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Bexar County ESD 5 fights annexation of more than 1,760 acres, warns of San Antonio’s ‘backdoor tactics’

City says violation of agreements with property owners allowed it to annex almost 2,200 acres on far South Side

BEXAR COUNTY, Texas – Bexar County Emergency Services District 5 is fighting part of an almost 2,200-acre annexation by the City of San Antonio that it says was “illegal and improper” and could affect its ability to provide fire and emergency medical services.

The ESD’s attorney also warns of “backdoor tactics” he thinks could be in the city’s future playbook for annexations in the wake of a state law restricting those powers.

The San Antonio City Council approved the annexation of 2,194.3 acres of land on the far South Side at its last session of the year on Dec. 12. More than 1,760 acres of that came out of ESD 5′s taxing area when the annexation became effective on Dec. 31, and the district has filed a lawsuit to try to undo it.

Properties 1, 2, 3, 4, part of 5, 6, 7 and 8 are within ESD 5's taxing district.
Properties 1, 2, 3, 4, part of 5, 6, 7 and 8 are within ESD 5's taxing district. (KSAT)

The ESD, which provides fire and EMS services to the small municipalities and unincorporated section of the county, can raise money with sales and property taxes. Though online Bexar County Appraisal District records show the annexed properties brought ESD 5 only an estimated $631 in tax dollars, development could change that.

“That’s why they’re annexing. Because there’s going to be development in that area,” said Woody Wilson, ESD 5′s attorney. “Once you have development, it increases the value, which increases the amount of ad valorem revenue that’s going to come in.”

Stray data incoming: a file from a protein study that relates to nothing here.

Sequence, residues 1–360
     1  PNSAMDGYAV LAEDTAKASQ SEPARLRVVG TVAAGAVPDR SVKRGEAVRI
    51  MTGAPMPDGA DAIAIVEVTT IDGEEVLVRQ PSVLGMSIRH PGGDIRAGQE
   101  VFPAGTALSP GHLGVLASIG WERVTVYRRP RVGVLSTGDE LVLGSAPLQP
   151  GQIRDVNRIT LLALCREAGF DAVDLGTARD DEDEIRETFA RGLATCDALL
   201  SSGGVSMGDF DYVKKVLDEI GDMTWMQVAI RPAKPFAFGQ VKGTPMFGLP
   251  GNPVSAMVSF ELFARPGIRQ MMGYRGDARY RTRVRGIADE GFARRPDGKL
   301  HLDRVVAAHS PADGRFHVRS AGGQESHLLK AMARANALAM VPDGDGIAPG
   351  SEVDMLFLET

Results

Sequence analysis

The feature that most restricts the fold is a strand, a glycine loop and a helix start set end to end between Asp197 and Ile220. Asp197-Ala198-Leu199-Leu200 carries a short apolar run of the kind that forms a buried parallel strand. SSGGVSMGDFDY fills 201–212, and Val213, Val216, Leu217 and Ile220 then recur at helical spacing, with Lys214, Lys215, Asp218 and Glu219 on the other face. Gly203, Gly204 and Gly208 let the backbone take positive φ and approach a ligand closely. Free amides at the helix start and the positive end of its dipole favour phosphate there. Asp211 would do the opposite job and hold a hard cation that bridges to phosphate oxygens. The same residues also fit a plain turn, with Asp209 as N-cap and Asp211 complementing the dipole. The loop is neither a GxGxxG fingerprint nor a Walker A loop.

With the properties’ annexation into the City of San Antonio, that’s money that won’t go to the ESD, which it argued in its lawsuit “will result in the loss of life and real and personal property due to compromised resources and response times.”

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“It’s a dangerous job. It’s a dangerous position,” Wilson said. “And to be able to protect them, it takes money and providing the equipment and the means necessary to provide their service.”

A state law passed in 2017 restricted cities like San Antonio’s annexation powers, generally requiring a petition signed by landowners or an election among the voters living there. However, the city took a different approach in this annexation.

The city said the 11 property owners of the land had previously signed agreements between 2013 and 2016 that had allowed them to avoid annexation in exchange for only using their land for agriculture, timber or wildlife management.

The city claims that the agreements have since been violated through “no longer having an appraisal for ad valorem tax purposes by BCAD, subdividing and selling portions of the property, submitting building permits with Bexar County, and/or allowing fireworks sales on the property.”

Among his other arguments against the move, Wilson believes those agreements are void and can’t be used to enforce annexation.

“The City’s backdoor tactics need to be halted,” the lawsuit reads.

“Since they’re prevented from annexing, because they can’t get voters to approve it, they have to look at another way to do it,” Wilson said. “And I think this is the future of where they’re going to go in trying to get annex areas outside the city of San Antonio.”

A spokeswoman for the City of San Antonio says it conducted “all proceedings in accordance with state law.”

The case has been scheduled for trial on Feb. 24, and both sides have been sent to mediation in the meantime.


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